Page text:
Reflection for the Thirty-third Sunday in Ordinary Time
I would like to begin my reflection for this weekend with the real question of the believers at the end of the first century: “Now that many of these things have happened and we are being persecuted, what should we do?” Luke reminds them of Jesus’ assurance that they were not to prepare their defense ahead of time for, “I myself shall give you a Wisdom in speaking that all your adversaries will be powerless to resist or refute,” but to make use of this opportunity to bear witness to Jesus before the court officials and the public at large. Thus, the persecution would become a massive evangelization. Jesus cautions them against despair in the face of wide-ranging opposition and persecution. Arrests would be followed by trials and condemnation in religious (Jewish) and civil (Gentile) courts. Their Faith would serve as a clear witness on the Day of Judgment. Not only would the individual martyrs see the Lord in Heaven, but the Church would flourish in persecution.
We need to attain permanence in a passing world by leading exemplary lives. Our homes, our Churches and even our own lives are temporary. All our structures are provisional. Our influence has no more claims to permanence than our buildings. Hence, our task is not to build monuments of any kind, but to be faithful to Christ. How our faithfulness is expressed each day is the most important thing. We are to persevere in our Faith, despite worldly temptations, attacks on religion, and moral values by the atheistic or agnostic media, threats of social isolation, and direct or indirect persecution because of our religious beliefs. Let us conclude this Church year by praying for the grace to endure trials patiently for they are essential to our affirmation of Jesus our Savior.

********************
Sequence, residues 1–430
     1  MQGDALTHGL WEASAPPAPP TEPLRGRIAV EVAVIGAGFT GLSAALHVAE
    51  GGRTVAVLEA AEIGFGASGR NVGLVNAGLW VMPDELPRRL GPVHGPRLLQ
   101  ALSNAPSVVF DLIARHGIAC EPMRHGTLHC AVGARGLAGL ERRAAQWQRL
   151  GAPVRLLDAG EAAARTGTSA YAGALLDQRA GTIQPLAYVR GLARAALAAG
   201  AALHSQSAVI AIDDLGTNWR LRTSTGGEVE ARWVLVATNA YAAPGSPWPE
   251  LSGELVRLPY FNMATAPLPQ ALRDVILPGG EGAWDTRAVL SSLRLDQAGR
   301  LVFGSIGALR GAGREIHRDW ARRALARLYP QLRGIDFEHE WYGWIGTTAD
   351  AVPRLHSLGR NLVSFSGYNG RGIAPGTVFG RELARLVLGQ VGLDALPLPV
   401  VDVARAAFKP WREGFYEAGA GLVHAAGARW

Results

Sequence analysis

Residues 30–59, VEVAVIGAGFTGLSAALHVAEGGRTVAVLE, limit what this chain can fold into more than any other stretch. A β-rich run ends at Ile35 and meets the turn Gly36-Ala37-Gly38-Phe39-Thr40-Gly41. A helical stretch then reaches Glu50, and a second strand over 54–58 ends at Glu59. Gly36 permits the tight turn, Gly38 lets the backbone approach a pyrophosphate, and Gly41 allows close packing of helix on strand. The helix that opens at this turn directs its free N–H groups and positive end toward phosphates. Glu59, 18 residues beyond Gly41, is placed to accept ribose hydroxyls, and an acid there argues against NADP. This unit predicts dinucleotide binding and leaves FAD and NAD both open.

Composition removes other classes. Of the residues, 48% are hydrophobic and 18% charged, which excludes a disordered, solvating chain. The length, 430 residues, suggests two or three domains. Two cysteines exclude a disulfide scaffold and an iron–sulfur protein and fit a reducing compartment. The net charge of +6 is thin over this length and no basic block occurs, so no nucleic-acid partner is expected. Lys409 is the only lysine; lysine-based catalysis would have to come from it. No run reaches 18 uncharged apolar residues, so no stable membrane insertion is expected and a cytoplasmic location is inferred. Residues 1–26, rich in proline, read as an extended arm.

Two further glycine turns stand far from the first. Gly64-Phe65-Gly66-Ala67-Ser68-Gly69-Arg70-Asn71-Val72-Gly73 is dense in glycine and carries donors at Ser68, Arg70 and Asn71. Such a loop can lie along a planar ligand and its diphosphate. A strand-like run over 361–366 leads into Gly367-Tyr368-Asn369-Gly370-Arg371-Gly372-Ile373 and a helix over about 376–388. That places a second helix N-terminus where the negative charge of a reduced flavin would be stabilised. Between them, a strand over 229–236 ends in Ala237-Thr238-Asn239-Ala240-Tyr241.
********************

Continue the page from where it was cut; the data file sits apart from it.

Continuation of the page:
After over a month with my sick brother Matthias in Poland, I am back. May God bless all of the people who truly took care of the parish while I was away; Deacon Lawrence, Colleen Biddinger, together with the whole staff. I would like to also thank all of you for your daily sacrifices, prayer cards, offered Masses and multiple prayers lifted up for my brother and my family. On behalf of my brother, and the whole family, we all truly appreciate them. It was a blessing for me to be with my family during this very challenging time. And even if we as a family still don’t know what the outcome of that situation will be, we trust God, and we will not stop praying for God’s healing for Matthias. Jesus, we trust You! May Your Will be done.
I want you to know that between Nov 14th – 18th I will be gone again. I know, just came back and will be gone again!? This time I am going to Melrose, Canada, where, together with my religious brothers we are going to have our annual priest retreat. Please pray for us that our retreat will be fruitful. That we find a new strength and enthusiasm to serve God and His people, but also that we renew our relationship as brothers of the same religious community.
There will be no confession before Mass this week.
Have a blessed week. Fr. Tom